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What Is Topical Ibuprofen?

By Jacquelyn Gilchrist
Updated May 17, 2024
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Ibuprofen is a nonsteroidal anti-inflammatory drug (NSAID), similar to aspirin, that is intended to alleviate pain. Topical ibuprofen is a gel or cream that is applied to the skin, rather than swallowed as a pill. It may help relieve muscular pain as well as pain from mild sports injuries, arthritis, and sprains. While this medicine may be available over-the-counter, patients must be careful not to exceed dosage instructions, or they may risk serious side effects and complications.

Dosage instructions may vary, depending on the selected brand's concentration of the drug. Patients should apply no more than one dose to the affected area of the body. It should be massaged into the skin in a thin layer. Patients must be careful to thoroughly wash their hands immediately following each application.

Topical ibuprofen is not intended for use near the eyes, mouth, or nose. It should not be applied to areas of skin that are burned, abraded, or otherwise damaged. Patients should leave the affected area of skin free of bandages or other tight coverings. They should also avoid tanning beds and excessive exposure to strong sunlight, as topical ibuprofen can make the skin more sensitive. This medicine is not intended for use by a child under the age of 14, unless a physician directs otherwise.

Patients must use a maximum of one dose of topical ibuprofen no more than every four hours. They must not exceed a total of four doses in 24 hours, and should not usually be used longer than two weeks, unless a doctor directs otherwise.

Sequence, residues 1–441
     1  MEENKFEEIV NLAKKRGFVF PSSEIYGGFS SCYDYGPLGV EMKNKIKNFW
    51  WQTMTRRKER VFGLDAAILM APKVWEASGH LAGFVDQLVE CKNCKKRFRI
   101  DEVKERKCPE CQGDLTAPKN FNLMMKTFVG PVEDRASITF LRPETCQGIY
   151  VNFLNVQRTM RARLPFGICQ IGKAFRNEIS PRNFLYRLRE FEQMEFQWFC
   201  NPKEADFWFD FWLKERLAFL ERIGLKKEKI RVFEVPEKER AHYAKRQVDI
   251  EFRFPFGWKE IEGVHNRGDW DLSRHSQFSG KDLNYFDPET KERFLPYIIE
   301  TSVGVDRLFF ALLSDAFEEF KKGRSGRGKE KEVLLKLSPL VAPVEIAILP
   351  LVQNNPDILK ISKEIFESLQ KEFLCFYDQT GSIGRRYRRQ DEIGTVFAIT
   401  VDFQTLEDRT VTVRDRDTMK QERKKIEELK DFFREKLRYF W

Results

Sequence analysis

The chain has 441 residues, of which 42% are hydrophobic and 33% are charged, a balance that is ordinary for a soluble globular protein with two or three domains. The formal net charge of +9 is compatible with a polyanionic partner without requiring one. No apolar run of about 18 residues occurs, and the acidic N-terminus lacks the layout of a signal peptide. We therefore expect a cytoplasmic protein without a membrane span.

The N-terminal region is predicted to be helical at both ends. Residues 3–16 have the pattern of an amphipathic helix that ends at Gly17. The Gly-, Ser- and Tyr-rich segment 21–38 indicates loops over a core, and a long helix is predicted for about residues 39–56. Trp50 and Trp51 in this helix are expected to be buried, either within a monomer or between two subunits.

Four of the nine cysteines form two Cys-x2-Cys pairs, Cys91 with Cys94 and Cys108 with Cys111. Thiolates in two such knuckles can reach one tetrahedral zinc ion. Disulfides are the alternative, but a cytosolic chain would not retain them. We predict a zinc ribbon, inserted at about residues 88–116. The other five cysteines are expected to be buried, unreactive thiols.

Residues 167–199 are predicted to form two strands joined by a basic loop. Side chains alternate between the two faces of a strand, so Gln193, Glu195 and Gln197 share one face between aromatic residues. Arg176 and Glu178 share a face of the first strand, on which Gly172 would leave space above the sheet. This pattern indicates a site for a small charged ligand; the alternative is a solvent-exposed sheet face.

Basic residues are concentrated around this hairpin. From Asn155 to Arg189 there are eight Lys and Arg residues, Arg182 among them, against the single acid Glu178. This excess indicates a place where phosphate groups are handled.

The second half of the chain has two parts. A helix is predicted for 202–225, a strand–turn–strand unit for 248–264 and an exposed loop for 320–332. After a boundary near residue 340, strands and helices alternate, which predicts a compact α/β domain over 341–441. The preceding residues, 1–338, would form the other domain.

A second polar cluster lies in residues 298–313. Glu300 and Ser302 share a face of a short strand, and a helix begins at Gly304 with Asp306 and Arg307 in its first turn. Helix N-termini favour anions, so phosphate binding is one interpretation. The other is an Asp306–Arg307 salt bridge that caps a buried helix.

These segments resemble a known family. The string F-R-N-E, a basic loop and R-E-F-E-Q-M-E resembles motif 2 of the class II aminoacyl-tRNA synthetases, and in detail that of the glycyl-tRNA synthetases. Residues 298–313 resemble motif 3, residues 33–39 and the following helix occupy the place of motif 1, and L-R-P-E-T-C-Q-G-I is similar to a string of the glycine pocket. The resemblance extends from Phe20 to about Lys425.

Topical ibuprofen used to relieve pain may cause some side effects, which should be reported to a physician if they are severe or persistent. These may include reddening or itching of the skin at the affected area. People who notice a rash should discontinue use of the drug and consult their physicians.

Some patients may experience an allergic reaction, which may present with swelling and hives. Those with asthma may experience worsening problems breathing. Skin disorders may occasionally result, which may include bullous dermatoses, which cause blisters and lesions; purpura, which is a red or purple discoloration; and angiodema, which is a swelling beneath the skin.

Before using topical ibuprofen, patients should discuss their other medical conditions, medications, and supplements with their pharmacists or doctors. It may be contraindicated for use by those with kidney disease, certain allergies, or those who have asthma or other breathing problems. Those who have a history of reactions from NSAIDs should avoid this medicine. Women who are pregnant or breastfeeding should consult their doctors before using it. Topical ibuprofen may interact with blood thinners, including oral NSAIDs.

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